The populist issues favoured by the ANC are not foremost in the minds of South Africans. Unemployment and jobs come first, and many of the ANC’s populist issues are of little or no concern to voters, repeated polling by the Centre for Risk Analysis shows.
For years the ANC has been suggesting expropriation without compensation, the curbing of Reserve Bank independence, and greater giveaways, like the Basic Income Grant. But with the election looming it might just implement them. Ministers going around the country handing out title deeds or people receiving their Basic Income Grant would look good on TV just months ahead of the elections.
The party might be so desperate for electoral success that it will override any objections to the BIG from the National Treasury. The Covid Social Relief of Distress grant will only be paid until at the end of February next year. With the election looming, a generous non-targeted handout could well be implemented as a giveaway ahead of the polls, despite the pressures on our dwindling government finances.
A key ANC scare tactic as it heads into the polls is likely to be the claim that if the DA and other opposition parties are elected they will threaten grants. It puts the opposition on the defensive and gives the high ground to the ANC. Even though voters might see ANC failures all around, voting to defend one’s grant is a natural act of self-preservation.
Then there is the election itself. With the ANC under real pressure for the first time since 1994, the question of whether an election will be free and fair could be seriously tested. While independent in name, the credibility of the Independent Election Commission will be under intense scrutiny. During the 2014 elections, the Economic Freedom Fighters’ Commander in Chief, Julius Malema, said the elections could be compromised, as the IEC used members of the ANC-aligned teachers’ union as observers.
There are more questions than answers about what will happen if the ANC does not manage to get a majority in 2024. With whom would it align itself? Will it align itself with the EFF, if necessary? And the other big question is: how will the ANC manage in a coalition?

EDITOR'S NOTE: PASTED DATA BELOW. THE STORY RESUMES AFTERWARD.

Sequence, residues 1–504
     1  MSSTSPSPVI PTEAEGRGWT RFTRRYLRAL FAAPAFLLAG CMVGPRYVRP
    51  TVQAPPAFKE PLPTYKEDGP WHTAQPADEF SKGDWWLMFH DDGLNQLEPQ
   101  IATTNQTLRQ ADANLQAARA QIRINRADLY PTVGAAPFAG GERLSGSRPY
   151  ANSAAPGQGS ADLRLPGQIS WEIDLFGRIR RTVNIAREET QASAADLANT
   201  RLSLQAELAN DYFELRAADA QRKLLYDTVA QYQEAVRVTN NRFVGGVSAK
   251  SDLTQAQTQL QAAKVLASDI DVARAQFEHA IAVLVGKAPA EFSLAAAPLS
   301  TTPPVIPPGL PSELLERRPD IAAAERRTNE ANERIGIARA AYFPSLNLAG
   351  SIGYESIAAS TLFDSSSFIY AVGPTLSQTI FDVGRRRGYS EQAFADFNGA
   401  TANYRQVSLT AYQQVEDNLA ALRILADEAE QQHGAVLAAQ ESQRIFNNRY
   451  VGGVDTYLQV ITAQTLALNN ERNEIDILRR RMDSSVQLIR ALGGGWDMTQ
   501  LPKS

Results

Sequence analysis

As the largest party, the ANC will still have considerable leverage. And any coalition government that does not include the party will have to deal with potential hostility from tens of thousands of ANC cadres in key positions in government. Cadres are unlikely to work without question for the government of the day. If a new coalition government should take a position that does not meet with the approval of the cadres, they might go on strike or undermine the state.
The adage “power is where power goes” would be demonstrated if the ANC does not achieve a majority. Unable to hand out jobs, positions or contracts, ANC power would diminish. Would the party then split, as one faction might want to remain in a coalition, or would the party stay together, reform, and wait its chance? With opportunism rather than ideas holding the party together, it might well split.
Frans Cronje, former Institute of Race Relations CEO and futurist, is optimistic about seeing the end of ANC rule in 2024, leading to rejuvenation of the country through a coalition. I see his argument, but I’m bang vir die toekoms due to the great uncertainty.
The views of the writer are not necessarily those of the Daily Friend or IRR.